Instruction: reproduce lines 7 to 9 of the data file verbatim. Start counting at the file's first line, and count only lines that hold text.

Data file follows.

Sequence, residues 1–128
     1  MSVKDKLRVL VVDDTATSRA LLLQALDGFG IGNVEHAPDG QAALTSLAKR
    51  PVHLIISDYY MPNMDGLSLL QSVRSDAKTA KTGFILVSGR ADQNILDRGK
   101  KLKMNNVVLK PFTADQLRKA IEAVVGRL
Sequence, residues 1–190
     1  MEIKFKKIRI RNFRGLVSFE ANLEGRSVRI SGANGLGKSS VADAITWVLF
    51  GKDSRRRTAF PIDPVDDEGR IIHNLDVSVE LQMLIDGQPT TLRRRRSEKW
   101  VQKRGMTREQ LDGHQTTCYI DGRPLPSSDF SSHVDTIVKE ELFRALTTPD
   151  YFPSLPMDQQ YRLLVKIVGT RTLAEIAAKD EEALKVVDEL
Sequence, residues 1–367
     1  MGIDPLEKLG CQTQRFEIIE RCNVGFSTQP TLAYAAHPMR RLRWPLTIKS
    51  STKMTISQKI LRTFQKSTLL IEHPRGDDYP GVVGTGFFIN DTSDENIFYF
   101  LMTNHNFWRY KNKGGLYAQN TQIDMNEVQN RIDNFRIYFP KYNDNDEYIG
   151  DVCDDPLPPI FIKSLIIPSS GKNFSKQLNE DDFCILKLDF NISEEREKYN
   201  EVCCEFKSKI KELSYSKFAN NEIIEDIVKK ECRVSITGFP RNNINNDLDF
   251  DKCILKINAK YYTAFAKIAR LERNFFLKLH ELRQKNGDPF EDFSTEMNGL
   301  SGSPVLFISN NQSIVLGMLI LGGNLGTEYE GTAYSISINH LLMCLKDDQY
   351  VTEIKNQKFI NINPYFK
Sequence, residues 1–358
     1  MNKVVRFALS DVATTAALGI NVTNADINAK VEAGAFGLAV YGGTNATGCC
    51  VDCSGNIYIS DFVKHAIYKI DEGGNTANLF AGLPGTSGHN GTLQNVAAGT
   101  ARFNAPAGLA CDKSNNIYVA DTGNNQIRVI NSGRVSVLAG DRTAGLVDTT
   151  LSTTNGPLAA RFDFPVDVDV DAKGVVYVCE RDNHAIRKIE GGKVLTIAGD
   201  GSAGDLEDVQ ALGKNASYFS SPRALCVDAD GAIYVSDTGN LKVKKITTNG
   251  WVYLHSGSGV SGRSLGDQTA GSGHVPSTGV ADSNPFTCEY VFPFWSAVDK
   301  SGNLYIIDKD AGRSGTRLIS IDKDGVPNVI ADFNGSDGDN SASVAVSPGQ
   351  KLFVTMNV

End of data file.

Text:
    51  GKDSRRRTAF PIDPVDDEGR IIHNLDVSVE LQMLIDGQPT TLRRRRSEKW
   101  VQKRGMTREQ LDGHQTTCYI DGRPLPSSDF SSHVDTIVKE ELFRALTTPD
   151  YFPSLPMDQQ YRLLVKIVGT RTLAEIAAKD EEALKVVDEL